Furlough scheme: What are the new rules for part time work and who will be affected?

1 July 2020, 20:06

The Chancellor has said the furlough scheme will end in October
The Chancellor has said the furlough scheme will end in October. Picture: PA

By Maddie Goodfellow

Today is the first day businesses are able to start bringing staff back part-time who have been furloughed under the Government's coronavirus jobs protection scheme.

Firms will be able to decide which employees they bring back and what hours they do, while paying the wages for the time they work.

The move comes as the Treasury is preparing to wind down the scheme - which has seen the state pay up to 80% of workers' wages.

From August, employers will have to start contributing to their staff wages again, prompting fears of mass lay-offs if firms still lack the cash to pay them.

According to the latest figures from the Treasury, more than 9.3 million jobs have been protected under the scheme at a cost of £25.5 billion to the taxpayer.

But who will the changes impact upon? And will wages be affected?

Workplaces are being made Covid secure for staff and customers
Workplaces are being made Covid secure for staff and customers. Picture: PA

What changes have been put in place?

In a change to the previous rules set be the Chancellor, staff can now work for a company whilst also being on on furlough leave for the same company.

Previously, anyone on furlough could not work any hours for their employer.

People also no longer have to be furloughed every three weeks, and can be brought back to work at any time for some or all of a working week.

80 per cent of wages have been being paid by the government
80 per cent of wages have been being paid by the government. Picture: PA

Who can go back to work part time?

From July 1, bosses can decide to bring back any furloughed workers for any amount of time and still claim furloughed pay when they are not working.

It means that anyone who has been on furlough could be heading back from today for at least some of the week.

There's no limit on the number of hours you can work.

For example, if you work a 40-hour week and your employer wants to, it can get you to work 39 hours and then furlough you for the remaining hour.

The amount of time you work each week can also vary over the month, with employers varying it week by week.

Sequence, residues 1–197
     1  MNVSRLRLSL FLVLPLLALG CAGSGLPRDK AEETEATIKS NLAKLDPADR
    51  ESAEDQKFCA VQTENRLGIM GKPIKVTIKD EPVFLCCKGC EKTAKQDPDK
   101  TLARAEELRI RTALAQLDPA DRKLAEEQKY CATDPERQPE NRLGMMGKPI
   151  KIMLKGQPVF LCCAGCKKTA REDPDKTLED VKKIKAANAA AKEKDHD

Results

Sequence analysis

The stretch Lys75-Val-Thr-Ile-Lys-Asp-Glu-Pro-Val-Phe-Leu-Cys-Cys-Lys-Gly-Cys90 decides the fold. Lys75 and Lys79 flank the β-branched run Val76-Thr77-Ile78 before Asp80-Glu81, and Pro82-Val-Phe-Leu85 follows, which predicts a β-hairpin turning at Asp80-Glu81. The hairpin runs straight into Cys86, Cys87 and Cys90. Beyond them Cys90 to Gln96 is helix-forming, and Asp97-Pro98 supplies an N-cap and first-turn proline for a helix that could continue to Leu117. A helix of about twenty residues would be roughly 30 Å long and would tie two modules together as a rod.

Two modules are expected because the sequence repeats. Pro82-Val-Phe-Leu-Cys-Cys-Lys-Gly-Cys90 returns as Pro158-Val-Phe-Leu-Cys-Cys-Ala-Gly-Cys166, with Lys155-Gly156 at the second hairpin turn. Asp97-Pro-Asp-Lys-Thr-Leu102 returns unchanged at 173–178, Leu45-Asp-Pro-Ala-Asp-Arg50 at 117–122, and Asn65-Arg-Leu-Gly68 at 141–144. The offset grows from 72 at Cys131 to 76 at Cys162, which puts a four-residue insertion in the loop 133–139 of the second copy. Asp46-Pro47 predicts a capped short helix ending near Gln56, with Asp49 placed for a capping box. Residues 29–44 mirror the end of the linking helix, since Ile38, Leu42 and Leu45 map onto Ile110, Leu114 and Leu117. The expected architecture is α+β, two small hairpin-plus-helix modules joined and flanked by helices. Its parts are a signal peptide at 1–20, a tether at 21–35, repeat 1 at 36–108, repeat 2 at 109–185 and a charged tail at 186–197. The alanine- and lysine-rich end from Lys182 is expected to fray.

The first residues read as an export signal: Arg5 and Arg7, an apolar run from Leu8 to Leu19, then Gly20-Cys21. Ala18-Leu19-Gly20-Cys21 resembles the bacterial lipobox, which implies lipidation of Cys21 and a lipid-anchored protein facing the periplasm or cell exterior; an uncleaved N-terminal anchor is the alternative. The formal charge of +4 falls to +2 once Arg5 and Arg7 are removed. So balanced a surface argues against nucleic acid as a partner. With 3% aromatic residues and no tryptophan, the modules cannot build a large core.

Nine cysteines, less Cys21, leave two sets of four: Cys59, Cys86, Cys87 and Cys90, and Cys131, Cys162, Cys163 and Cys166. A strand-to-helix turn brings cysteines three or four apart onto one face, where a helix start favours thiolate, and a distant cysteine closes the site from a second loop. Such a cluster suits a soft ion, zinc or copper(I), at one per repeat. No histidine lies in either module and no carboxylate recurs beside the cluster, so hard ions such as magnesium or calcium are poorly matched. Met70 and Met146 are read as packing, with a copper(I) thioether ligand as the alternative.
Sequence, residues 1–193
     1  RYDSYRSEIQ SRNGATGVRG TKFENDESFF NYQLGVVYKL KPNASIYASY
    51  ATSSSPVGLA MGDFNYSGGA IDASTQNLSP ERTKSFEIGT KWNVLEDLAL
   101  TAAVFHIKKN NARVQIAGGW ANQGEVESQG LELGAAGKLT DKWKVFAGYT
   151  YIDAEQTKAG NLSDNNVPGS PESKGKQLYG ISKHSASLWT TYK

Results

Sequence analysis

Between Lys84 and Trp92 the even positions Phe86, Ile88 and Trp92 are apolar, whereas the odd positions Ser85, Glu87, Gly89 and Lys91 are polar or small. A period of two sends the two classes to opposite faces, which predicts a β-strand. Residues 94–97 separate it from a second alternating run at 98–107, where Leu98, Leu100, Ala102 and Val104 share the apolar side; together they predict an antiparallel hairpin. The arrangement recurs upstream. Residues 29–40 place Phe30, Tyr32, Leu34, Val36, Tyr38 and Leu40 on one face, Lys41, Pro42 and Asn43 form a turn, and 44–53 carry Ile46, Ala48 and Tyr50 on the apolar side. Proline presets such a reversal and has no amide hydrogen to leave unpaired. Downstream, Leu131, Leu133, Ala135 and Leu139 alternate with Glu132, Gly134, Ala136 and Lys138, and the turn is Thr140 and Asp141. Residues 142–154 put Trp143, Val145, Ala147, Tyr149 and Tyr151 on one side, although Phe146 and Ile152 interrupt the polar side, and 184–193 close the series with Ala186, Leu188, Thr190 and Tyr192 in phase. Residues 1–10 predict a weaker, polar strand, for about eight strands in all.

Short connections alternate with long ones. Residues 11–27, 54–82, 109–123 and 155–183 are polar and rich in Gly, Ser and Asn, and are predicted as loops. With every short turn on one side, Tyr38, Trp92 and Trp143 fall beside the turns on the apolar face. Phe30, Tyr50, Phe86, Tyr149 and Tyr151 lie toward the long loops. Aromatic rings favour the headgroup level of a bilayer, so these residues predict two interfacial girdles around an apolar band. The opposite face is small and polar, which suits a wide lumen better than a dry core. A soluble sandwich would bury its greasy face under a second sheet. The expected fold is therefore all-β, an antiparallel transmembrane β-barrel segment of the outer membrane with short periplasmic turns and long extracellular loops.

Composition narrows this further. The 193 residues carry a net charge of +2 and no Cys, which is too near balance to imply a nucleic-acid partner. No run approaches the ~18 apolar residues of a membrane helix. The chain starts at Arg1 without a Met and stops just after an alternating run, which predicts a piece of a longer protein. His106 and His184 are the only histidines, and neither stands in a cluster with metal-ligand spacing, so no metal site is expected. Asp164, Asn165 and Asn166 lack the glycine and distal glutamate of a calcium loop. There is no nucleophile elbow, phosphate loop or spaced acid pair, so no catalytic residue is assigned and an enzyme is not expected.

To be eligible for the furlough scheme from July, workers must have been furloughed for at least three consecutive weeks between May 1 and June 30.

They must also have already been enrolled on the scheme before June 10, which is when the chancellor closed it to all new applicants.

Will wages be affected?

The government promised to cover 80 per cent of a worker's salary up to a cap of £2,500 each month, and this will still be the case in July if someone is furloughed.

However, from 1 July, employers can claim for any amount of time, but they can only receive the money in seven-day blocks.

When you are working as normal, your employer will be responsible for paying your wages.

For some customer-facing workers who are paid per client, such as hairdressers, the workplace restrictions imposed because of coronavirus might mean reduced customer footfall when they actually restart work.

Workers cannot claim furlough pay for hours of work they 'lost' through being at work but having to make the workplace covid-safe, rather than seeing clients, for example.

As is the case over the last three months, an employer can choose to top-up payments so that employees are paid their full monthly wage, although they do not have to.

July will be the last month that the government covers employer contributions, such as National Insurance and pension contributions.

From August, the government will pay 80 per cent of wages up to a cap of £2,500 for the hours an employee is on furlough and employers will have to pay the extra contributions for that time.

Then from September, the amount the government pays will drop to 70 per cent of wages up to a cap of £2,187.50, with employers meeting the difference to bring the pay up to 80 per cent of wages.

In October, the government contribution will reduce again, to 60 per cent of wages up to a cap of £1,875 for the hours the employee is on furlough.

Again, companies will need to pay workers so that they receive at least 80 per cent of their normal wage.

At the end of October, the furlough scheme will end completely, chancellor Rishi Sunak has said.

What has the Chancellor said?

Chancellor Rishi Sunak said: "Our number one priority has always been to protect jobs and businesses through this outbreak.

"The furlough scheme, which will have been open for eight months by October, has been a lifeline for millions of people and as our economy reopens we want that support to continue.

"Giving firms the flexibility to bring back furloughed workers on a part-time basis will help them work gradually and help them plan for the months ahead."

Business Secretary Alok Sharma also showed his support for the scheme, and said the best way to support jobs is to reopen the economy.

He said: "The support in the job retention scheme is being provided until October.

"But the best way of providing support for business is to open up the economy, and we have been doing that in a phased and cautious manner."

Mr Sharma echoed the Prime Minister's declaration that he is "not a communist" despite the state intervention promised by Boris Johnson on Tuesday.

"I am not a communist, I am what the Prime Minister is, which is a one-nation Conservative."